Instead of asking ourselves which jobs will be replaced, writes Brooks Rainwater, we need to shift the conversation to answer the question: what jobs do we want humans to do?
We must move the policy discussion away from job retraining towards job rethinking. This begins with embracing the power of human-centered work. Human-centered work is the idea that humans have critical comparative advantages that must be embraced, nurtured, and developed. By embracing those things that machines can do better and bolstering the areas where we thriveâ€”areas such as creativity, craftsmanship, and human judgmentâ€”we will be able to harness the power of these technological changes to create products and industries that are entirely new.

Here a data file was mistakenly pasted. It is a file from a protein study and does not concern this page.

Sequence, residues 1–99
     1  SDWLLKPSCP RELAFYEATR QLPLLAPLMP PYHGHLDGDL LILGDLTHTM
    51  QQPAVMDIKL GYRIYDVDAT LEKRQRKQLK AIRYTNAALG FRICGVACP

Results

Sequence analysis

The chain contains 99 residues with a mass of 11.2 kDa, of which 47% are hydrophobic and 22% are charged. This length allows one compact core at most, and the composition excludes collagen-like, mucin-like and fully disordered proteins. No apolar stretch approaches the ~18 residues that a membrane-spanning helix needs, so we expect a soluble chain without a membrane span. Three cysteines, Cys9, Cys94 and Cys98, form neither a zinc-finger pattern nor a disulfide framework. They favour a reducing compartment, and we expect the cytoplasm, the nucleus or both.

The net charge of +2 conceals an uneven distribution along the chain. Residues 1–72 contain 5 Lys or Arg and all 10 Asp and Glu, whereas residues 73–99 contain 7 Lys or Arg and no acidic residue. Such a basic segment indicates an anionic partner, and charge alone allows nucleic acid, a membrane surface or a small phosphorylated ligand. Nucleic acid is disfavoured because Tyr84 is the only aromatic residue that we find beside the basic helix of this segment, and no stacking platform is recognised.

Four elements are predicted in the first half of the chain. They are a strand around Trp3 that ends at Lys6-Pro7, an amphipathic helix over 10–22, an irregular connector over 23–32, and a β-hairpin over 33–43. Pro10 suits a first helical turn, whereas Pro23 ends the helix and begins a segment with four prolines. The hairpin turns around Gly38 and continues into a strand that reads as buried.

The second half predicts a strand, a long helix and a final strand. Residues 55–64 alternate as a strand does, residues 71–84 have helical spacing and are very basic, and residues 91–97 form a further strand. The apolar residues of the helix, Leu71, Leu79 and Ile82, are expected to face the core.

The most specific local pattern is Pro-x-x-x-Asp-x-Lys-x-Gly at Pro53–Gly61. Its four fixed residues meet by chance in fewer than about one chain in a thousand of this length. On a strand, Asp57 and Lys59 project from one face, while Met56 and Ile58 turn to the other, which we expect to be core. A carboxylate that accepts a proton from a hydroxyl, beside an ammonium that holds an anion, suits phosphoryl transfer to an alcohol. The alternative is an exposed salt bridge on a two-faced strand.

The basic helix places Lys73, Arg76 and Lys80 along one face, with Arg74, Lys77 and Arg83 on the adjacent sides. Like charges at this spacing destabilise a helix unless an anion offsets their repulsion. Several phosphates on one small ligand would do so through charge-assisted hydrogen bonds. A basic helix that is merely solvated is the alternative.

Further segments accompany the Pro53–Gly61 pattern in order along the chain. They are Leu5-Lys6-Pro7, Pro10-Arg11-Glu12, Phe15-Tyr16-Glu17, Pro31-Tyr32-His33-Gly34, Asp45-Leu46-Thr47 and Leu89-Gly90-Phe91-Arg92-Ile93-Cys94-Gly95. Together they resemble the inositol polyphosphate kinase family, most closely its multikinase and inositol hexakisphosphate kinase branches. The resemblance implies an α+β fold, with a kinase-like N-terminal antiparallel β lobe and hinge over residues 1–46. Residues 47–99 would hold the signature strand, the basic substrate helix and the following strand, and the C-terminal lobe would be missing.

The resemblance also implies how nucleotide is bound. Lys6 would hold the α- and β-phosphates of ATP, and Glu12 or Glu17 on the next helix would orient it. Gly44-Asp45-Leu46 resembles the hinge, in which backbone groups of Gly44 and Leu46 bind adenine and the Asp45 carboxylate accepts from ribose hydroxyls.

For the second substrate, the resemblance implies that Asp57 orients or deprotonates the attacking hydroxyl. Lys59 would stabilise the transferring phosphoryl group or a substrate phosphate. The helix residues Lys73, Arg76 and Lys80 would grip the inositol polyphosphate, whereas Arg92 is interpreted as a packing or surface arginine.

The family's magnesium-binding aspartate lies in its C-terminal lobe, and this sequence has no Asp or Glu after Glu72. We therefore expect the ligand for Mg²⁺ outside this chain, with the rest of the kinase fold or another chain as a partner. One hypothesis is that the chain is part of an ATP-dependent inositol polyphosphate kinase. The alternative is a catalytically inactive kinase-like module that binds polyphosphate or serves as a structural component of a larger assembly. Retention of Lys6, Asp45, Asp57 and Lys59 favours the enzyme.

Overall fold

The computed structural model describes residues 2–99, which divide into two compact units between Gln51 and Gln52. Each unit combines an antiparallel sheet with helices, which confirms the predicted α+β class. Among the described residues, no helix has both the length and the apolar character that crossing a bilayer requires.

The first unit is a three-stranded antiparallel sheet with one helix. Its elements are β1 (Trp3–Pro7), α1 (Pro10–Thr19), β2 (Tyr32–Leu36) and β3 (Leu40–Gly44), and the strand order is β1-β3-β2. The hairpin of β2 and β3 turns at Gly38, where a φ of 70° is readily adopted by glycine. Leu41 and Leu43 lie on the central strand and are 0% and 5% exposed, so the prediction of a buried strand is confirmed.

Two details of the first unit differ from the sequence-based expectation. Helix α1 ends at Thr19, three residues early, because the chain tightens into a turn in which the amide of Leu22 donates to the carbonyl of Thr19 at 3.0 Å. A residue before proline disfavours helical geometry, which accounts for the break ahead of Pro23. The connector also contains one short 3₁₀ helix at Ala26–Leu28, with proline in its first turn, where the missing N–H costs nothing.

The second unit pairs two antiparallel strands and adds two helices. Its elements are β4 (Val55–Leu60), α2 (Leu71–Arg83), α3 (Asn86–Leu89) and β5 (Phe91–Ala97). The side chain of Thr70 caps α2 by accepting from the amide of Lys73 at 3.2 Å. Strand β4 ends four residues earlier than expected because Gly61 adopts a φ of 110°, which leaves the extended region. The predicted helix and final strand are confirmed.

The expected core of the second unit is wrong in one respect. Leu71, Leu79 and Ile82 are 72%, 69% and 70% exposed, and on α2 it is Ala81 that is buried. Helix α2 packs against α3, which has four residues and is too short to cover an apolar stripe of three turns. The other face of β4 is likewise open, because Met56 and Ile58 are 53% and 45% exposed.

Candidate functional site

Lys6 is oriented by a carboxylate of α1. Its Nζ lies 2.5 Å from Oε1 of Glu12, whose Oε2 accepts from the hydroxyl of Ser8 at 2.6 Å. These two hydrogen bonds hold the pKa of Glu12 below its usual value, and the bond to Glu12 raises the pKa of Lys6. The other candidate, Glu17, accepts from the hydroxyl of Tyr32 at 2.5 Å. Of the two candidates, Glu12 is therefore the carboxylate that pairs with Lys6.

Even though great swaths of the workforce could be automated, it does not follow that we as a society will always want to take that path. We could see entrepreneurship flourish in a new renaissance where automation unlocks more creativity and innovation in humans as people are freed from those repetitive tasks and rote production roles that we have been saddled with for generations. This is the future we must embrace and shepherd forward.